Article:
Araris, Fade, her husband's closest friend, lay pale and still. He'd coughed weakly for several days, though that had ceased sometime in the blurry, recent past. His chest barely rose and fell, and it made wet sounds as it did. His skin had taken on an unhealthy, yellowish tinge in patches around his torso and neck. He had cracks in his skin, angry sores swollen and red. His hair hung limp, and every feature of his body looked softened, more indistinct somehow, as if he'd been a still-damp clay statue slowly melting in the rain.

Two things stood out clear.

The brand on his face, which looked as hideous and sharp as ever.

The mostly dried blood beneath his nostrils, and the accompanying flecks of ugly, dark scarlet on his lips.

"You remember what Ladv Veradis said," Giraldi told her. "It's over."

Isana stared at the blood and remembered what it meant. She didn't have strength enough to shake her head, but she managed to murmur, "No."

Giraldi turned her face back to his. "Crows take it, Isana," he said, his voice frustrated. "Some fights can't be won."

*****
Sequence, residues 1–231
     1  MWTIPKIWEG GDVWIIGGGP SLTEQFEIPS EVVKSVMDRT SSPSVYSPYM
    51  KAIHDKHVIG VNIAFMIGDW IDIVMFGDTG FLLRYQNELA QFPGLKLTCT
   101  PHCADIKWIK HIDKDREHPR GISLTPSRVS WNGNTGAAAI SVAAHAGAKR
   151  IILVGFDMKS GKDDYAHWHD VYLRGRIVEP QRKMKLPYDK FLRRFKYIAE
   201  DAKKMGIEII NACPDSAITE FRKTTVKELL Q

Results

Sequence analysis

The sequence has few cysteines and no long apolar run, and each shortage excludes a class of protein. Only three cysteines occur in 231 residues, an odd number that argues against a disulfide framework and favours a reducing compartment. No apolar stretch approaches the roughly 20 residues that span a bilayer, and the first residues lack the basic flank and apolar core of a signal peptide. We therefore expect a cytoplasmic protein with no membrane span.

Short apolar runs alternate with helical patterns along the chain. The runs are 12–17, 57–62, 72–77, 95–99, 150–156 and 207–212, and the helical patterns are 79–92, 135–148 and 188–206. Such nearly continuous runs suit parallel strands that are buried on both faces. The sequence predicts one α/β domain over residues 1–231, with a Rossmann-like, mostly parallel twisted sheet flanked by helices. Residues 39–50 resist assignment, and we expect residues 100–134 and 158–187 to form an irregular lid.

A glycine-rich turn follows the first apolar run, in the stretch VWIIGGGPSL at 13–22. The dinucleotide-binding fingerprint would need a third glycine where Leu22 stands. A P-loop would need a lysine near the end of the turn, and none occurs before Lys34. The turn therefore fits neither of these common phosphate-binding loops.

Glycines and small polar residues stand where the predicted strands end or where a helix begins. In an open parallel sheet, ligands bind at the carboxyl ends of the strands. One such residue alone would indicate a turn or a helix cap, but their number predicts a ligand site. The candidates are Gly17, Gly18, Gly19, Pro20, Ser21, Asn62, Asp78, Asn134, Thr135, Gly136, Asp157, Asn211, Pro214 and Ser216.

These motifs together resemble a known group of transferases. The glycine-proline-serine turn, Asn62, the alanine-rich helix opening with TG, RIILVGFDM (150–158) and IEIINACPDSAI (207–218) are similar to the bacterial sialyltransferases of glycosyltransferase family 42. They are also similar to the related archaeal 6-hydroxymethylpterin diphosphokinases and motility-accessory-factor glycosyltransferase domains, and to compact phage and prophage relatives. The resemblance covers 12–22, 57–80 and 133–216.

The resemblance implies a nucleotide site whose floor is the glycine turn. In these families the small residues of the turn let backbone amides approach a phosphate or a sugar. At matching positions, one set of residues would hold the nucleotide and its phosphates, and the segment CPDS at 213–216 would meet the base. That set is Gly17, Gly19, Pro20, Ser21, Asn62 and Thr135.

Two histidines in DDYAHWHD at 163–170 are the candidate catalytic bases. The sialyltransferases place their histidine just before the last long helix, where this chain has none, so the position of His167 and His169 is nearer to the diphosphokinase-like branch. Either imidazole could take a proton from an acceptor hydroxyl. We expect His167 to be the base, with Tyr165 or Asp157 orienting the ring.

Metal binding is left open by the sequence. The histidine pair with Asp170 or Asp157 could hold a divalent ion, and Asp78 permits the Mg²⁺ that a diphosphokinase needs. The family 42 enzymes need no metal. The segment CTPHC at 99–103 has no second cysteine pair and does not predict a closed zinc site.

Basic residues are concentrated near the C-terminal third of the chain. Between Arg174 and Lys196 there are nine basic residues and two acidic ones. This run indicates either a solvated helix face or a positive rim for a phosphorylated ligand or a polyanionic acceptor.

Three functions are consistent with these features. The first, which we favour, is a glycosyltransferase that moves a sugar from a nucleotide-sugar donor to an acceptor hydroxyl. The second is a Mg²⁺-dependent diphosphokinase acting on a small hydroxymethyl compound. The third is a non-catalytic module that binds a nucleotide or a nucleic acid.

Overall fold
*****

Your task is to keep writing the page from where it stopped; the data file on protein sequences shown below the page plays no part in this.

Fire-thunder erupted nearby outside, rattling the room's furniture and sending ripples across the glassy surface of the water in the healing tub.

Giraldi looked at the window, then back to Isana. "It's time, Steadholder. You haven't slept in days. You tried. Great furies know you tried. But he's going to die. Soon. If you don't withdraw, you'll die with him."

"No," Isana said again. She heard the unsteady quaver of her voice as she did.

"Bloody crows," Giraldi said, his tone at once gentle and anguished. "Stead-holder. Isana. Crows and ashes, girl. Fade wouldn't want you to throw your life away for no reason."

"The decision is mine." So many words took a noticeable effort, and she felt short of breath. "I will not leave him."

"You will" Giraldi said, his voice heavy and hard. "I promised Bernard I'd watch over you. If it comes to that, Isana, I'll cut you loose of him and drag you out of this room."

A quiet and very distant surge of defiance whispered through Isana's thoughts, and it gave her voice a barely audible growl of determination. "Bernard would never abandon one of his own." She took a breath. "You know that. Fade is mine. I will not leave him."